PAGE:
To try and explain the plot of ‘Genisys’ is an exercise in accessing a higher brain function that I'm not willing to rise to for this review and so it is easiest to explain the film as opening with a heavily narrated bit of reminders that actually outline the future we've constantly heard discussed in prior films come to a sort of fruition. There is a more widely illustrated canvas with which Taylor presents the war against the machines and SkyNet that John Connor (Jason Clarke), leader of the human resistance, and Sgt. Kyle Reese (Jai Courtney) wage as they infiltrate the SkyNet headquarters to shut down the machines once and for all and destroy the time machine they use to send Schwarzenegger's Terminator back to 1984. As this critical event has already occurred by the time they make it inside John Connor is forced to once again send Reese back to protect his mother, Sarah Connor (Emilia Clarke), and safeguard the future. When Reese arrives in 1984 though things are not as they were in the original “Terminator” as Sarah Connor is more in line with the Sarah Connor we know from ‘Judgement Day’ than the meek waitress we met in the 1984 original. Reese immediately comes face to face with a liquid metal T-1000 Terminator (this time portrayed by Byung-hun Lee) who has been sent back previously to ensure Reese doesn't meet Sarah and become the father of John Connor, but given someone also sent back a T-800 to Sarah when she was a young girl she has been training and preparing for this moment almost her entire life. And so, Connor and her T-800 model which she affectionately refers to as "Pops" swoop in to save Reese and open up an entire new world of fractured timelines. These new developments add a layer of extreme confusion to the proceedings as now, with this change in events, the future has been reset from judgement day occurring in 1997 to twenty years later in 2017 where Sarah and Reese must travel next in order to again try to reset the future while coming face to face with a familiar, but unexpected obstacle.
This overly complicated storyline is clearly present for the sole reason of implementing Schwarzenegger's character into the fold in a more critical way so that both he and the studios financing these films have reason to invest their time and money in them in the future. Granted, if you are a huge fan of the first two films (and even the third, which I don't actually remember being all that awful, but more a retread of the second film with a lady terminator instead of Robert Patrick) there might be some anger to be conjured up at this fifth installment as it essentially wipes them off the map and starts fresh so as to be able to have a new trilogy. That said, this new timeline is ripe with possibilities for what could happen, though the lingering question of who sent Pops back in the first place is an unanswered aspect I only hope Kalogridis and Lussier already know the answer to as the mid-credit tease we get doesn't really imply the best of paths they might take, but rather hints at the obvious road we'll travel if this one does indeed make enough money. Enough about the future though, let us speak to the film at hand as it is a film I will undoubtedly be made to feel bad for liking and so I must defend what I found appealing about it. The first thing that springs to mind a day after my screening is the certain energy and momentum the film has to it. From the opening moments the film dives in both to its action sequences and its story it has to continually talk about in order to make sure the audience is up to date in order for it to both make sense and continue moving forward. It is no doubt a challenge to keep up with all the logistics of the time traveling and I'm not sure one could keep up had they not seen any of the previous films, but Taylor employs a kinetic style that, along with the editing, keeps things brisk. Admittedly, what Taylor doesn't care to do is add any depth to the proceedings, but instead keeps things moving so fast that we don't get caught up in any of the bigger questions and instead move on to the next action sequence so quickly that the action scenes, much less the film itself, don't differentiate themselves from anything we haven't seen before.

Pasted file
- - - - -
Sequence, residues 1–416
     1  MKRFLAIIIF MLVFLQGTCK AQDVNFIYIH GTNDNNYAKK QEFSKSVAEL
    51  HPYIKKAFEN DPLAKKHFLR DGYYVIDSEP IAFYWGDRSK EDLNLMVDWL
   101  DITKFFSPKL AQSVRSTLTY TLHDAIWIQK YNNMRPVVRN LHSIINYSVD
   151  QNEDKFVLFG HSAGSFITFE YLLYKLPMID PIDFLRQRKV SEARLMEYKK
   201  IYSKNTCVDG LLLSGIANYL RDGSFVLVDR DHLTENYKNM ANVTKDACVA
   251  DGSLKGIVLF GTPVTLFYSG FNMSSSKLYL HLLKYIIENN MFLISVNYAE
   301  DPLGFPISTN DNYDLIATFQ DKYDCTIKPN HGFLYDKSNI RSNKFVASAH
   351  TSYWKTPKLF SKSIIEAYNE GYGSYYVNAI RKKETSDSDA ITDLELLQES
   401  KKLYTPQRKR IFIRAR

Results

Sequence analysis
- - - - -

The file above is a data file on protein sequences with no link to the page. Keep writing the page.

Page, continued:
The other nagging aspect of “Terminator Genisys” is that of the casting. Mainly, that of the generic Jai Courtney in what is essentially the lead role. As much as ‘Genisys’ is engineered to make Schwarzenegger a box office star again, this is a movie about the plight of Kyle Reese. Emilia Clarke, who I've not seen in “Game of Thrones” and looks strikingly like a younger Helena Bonham Carter, is equally as wooden in the role of Sarah Connor as Courtney is as Reese. The two have something of a chemistry I guess and they aren't actively bad, they're just fine and nothing more. Neither of them bring anything vital or innovative to the roles and to a degree Clarke is at something of a disadvantage given prior interpretations, but Courtney has room to create a side of this protagonist we haven't seen before and just … doesn't. Schwarzenegger is supposed to be the stilted cyborg, but his performance is infused with more charisma than the two leads combined. It is the other Clarke, Jason, that luckily adds some bite to his role as he, while clearly having the most scenery to chew, takes advantage of his character's circumstances and delivers an interpretation of a villain that is worthy of rooting against even if the heroes feel slightly uninspired. It should be noted that J.K. Simmons shows up in a small supporting role that seems might be more important if we do in fact see a few sequels while the appearance of Matt Smith (“Doctor Who”) is purely for the sake of future installments. I hate to say that “Terminator Genisys” is putting the cart before the horse as it really does have some redeeming qualities that make this a fine summer/action blockbuster that above all, does consistently entertain, but like many films in our cinematic landscape today it is too focused on what comes next rather than the here and now. The one thing ‘Genisys’ does do well that I assumed it would fail miserably at was that it doesn't feel tired. Whether it be the low expectations or the relentless forward momentum the film takes a note from Arnold's mantra and acknowledges that it may be an older property, but isn't out of juice just yet rendering it not as obsolete as everyone would like to think.